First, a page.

Six Tips for Summer Internships and Jobs
For those of you who think it is too late to land a summer job or internship, you most certainly can and should, according to Wittenberg Career Services Director, Wendy Smiseck.
“What I do is scary to people,” Smiseck said. “I don’t want it to be scary; it doesn’t have to be.”
But by the end Smiseck will having you laughing and feeling confident. Use these tips and Career Services resources to help you start the process.
Tip 1: Utilize campus resources. Overcoming the fear associated with job searching is difficult and we have all been there. It is important to remember that you don’t have to navigate internships, resume building or networking alone. Visit Career Services located in Shouvlin 210 to get started. Walk-in hours are Monday and Wednesday 1:30-4:15 p.m. If you’re unable to make these hours, don’t hesitate to call and set up an appointment: (937)-327-7521.
Tip 2: If you aren’t finding any internships or jobs that interest you or are struggling finding work in your area, don’t hesitate to ask businesses if they would be willing to allow you to intern. Some businesses and professions may not explicitly state its employment opportunities, and many small or local businesses are often willing to help with apprenticeship or internships. The worst that could happen is they say no, but chances are they have another connection that could assist you. You never know until you try, so don’t let an opportunity slip by without going for it.
Tip 3: Start the “hunt” by breaking it down into chunks. Dedicate 15 minutes per day to the application process. A lot of people expect jobs and internships to appear easily. But in reality, one of the most time consuming parts of landing a job is searching for opportunities online. Schedule time like you would for homework. Whether you’re searching the job board, writing your resume or networking online, maintain a schedule that will assure success and progress.
Tip 4: Understand that feedback you may get on your resume, experience, etc., is always going to vary. Everyone has different opinions depending on their credentials, opinions and job field. While getting as much feedback from professionals as possible is great, remember that you cannot solely base your resume, priorities and future off of feedback. A great way to use feedback in a positive way is to thoroughly analyze all feedback you get, but tailor it to your personal beliefs, goals and future. Reconfigure your resume and revamp your interviewing skills, but don’t lose yourself in the process – employers still want to see the real you shining through while trying to land a job.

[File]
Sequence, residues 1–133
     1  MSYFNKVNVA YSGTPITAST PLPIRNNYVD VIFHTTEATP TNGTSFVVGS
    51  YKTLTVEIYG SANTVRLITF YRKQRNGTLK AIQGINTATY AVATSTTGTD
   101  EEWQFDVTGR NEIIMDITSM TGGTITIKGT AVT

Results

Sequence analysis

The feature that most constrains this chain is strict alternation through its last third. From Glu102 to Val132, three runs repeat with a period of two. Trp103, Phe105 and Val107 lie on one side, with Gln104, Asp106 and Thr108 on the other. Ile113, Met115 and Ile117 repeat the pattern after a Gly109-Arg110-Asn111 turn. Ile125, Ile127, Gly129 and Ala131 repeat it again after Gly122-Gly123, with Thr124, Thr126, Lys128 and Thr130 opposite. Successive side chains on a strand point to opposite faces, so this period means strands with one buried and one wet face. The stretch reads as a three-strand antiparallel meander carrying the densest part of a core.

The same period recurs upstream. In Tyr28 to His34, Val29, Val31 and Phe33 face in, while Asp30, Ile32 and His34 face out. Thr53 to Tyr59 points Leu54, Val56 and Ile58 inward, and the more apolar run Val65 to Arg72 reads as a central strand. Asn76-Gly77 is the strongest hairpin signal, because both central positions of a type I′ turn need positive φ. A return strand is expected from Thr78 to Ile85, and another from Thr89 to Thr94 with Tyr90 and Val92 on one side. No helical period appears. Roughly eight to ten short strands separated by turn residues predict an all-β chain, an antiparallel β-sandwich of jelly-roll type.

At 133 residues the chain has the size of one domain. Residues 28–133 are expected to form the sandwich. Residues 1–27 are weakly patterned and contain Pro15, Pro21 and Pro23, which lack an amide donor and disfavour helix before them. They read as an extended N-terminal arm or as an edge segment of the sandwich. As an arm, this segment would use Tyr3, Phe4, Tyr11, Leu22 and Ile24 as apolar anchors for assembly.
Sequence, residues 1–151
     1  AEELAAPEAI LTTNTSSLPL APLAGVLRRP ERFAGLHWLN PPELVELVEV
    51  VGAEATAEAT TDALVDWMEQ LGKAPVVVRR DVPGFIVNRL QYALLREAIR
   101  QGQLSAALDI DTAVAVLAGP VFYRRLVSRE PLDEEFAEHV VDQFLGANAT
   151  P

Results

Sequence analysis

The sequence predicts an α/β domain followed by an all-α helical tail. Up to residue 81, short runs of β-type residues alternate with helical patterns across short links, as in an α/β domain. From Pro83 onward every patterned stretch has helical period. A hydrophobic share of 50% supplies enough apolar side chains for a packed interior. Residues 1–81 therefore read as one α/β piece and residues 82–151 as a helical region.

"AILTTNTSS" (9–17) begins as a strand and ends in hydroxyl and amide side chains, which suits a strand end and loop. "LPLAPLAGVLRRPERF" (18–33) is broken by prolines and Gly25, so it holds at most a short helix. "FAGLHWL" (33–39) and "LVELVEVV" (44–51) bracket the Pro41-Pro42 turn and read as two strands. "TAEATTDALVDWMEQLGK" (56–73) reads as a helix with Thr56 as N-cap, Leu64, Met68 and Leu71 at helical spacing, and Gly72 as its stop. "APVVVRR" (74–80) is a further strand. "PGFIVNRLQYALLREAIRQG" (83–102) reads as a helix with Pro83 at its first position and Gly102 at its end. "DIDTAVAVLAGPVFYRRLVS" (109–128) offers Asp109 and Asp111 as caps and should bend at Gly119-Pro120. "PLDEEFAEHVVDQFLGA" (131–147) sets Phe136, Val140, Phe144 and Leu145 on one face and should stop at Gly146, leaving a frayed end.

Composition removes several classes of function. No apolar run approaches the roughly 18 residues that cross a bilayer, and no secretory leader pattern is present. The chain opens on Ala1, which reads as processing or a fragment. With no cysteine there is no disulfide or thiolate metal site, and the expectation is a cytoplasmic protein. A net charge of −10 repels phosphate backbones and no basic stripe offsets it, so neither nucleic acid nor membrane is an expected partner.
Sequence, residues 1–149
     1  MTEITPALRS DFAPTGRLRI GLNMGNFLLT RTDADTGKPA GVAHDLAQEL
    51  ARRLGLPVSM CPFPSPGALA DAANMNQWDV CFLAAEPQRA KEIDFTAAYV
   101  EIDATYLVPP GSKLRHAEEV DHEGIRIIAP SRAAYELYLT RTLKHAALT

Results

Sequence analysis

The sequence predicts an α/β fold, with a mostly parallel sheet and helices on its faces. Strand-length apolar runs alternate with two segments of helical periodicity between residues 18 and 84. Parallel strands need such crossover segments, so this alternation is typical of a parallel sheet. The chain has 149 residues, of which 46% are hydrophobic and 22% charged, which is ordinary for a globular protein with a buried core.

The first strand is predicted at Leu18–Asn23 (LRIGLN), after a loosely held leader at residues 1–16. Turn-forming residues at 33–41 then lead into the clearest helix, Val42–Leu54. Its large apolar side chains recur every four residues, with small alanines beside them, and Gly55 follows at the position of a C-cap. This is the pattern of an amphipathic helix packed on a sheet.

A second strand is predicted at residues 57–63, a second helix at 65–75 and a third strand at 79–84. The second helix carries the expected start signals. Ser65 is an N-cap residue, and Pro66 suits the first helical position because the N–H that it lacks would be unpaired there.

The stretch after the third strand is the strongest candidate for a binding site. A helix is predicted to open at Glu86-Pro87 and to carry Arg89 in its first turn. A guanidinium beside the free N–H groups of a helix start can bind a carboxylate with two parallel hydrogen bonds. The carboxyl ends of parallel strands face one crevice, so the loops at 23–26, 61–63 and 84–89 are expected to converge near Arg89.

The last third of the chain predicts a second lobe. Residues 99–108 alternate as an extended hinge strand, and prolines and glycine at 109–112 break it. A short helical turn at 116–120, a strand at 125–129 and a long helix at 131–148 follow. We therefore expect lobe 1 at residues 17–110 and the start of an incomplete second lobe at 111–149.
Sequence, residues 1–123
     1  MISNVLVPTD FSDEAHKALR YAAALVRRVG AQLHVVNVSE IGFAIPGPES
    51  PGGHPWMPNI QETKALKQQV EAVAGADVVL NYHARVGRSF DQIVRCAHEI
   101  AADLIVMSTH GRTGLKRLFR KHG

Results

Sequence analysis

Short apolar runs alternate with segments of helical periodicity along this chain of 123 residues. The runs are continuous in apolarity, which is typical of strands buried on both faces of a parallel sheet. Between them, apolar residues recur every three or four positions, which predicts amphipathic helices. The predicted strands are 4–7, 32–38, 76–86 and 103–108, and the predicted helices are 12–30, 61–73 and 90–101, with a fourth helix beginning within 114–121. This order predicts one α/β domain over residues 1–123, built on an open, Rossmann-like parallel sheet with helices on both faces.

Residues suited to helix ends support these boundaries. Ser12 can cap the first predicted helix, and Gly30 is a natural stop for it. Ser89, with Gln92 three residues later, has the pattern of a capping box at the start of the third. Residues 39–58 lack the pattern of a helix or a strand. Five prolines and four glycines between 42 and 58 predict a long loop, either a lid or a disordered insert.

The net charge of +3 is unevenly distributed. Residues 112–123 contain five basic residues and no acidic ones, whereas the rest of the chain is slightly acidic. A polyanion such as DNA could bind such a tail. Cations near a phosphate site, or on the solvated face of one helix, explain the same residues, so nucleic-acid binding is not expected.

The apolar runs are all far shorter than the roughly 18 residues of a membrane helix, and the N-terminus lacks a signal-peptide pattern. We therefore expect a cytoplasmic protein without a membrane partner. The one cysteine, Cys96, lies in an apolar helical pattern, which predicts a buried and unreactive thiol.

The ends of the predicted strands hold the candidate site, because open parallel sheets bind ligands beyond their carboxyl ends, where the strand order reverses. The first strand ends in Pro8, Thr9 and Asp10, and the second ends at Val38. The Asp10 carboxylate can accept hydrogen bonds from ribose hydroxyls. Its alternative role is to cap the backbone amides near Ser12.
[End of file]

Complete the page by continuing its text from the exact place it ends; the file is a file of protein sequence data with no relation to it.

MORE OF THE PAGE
Tip 5: Resume building is a process that requires constant changing and editing. Smiseck says that “the secret to resume writing is just telling them what they need to know. Tailor your resume for that opportunity and prove you can do what they need.” Students often feel like they must thoroughly explain every detail of anything important they have done onto one page, which is just unrealistic. While all the honor societies and internships you have had are important, pick and choose what will stand out and be important to the field you’re applying for. Remember, employers have little time and often hundreds of resumes, so make your skills stand out and use concise bullet points to detail your strengths and experience. Also, don’t be afraid to put your LinkedIn URL on the resume – a LinkedIn is essentially a complete resume that is available for employes to reference in the future.
Tip 6: Networking, “it’s not what you know, it’s who you know.” Smiseck says this old saying hasn’t gone away. Amazing internships and jobs are often landed due to who you know. So, if you don’t have those connections yet, it’s okay. The wealth of alumni, especially Wittenberg alumni, is perhaps the best resource college students have. Aside from LinkedIn, Wittenberg has Career Shift and Community apps to help locate alumni and jobs in different fields. To set up free accounts and utilize these resources, go to Career Services. Alumni are very often eager to hire their fellow alumni and help locate jobs through referral as well. Don’t let this invaluable tool go to waste!
Once you network and perfect your resume to get an interview, don’t forget three important rules: Do your research, look the part and be yourself. It doesn’t matter what you’re interviewing for, you have impressed the employer enough on paper, so it is time to be yourself and have an enjoyable conversation. Don’t be so comfortable that you’re off your game and unprepared. You should know the company and history, but you need to be showing how you’re a good fit. Be yourself, try to relax and convince them through your demeanor and personality that you would fit their company well, and you should land the job with ease.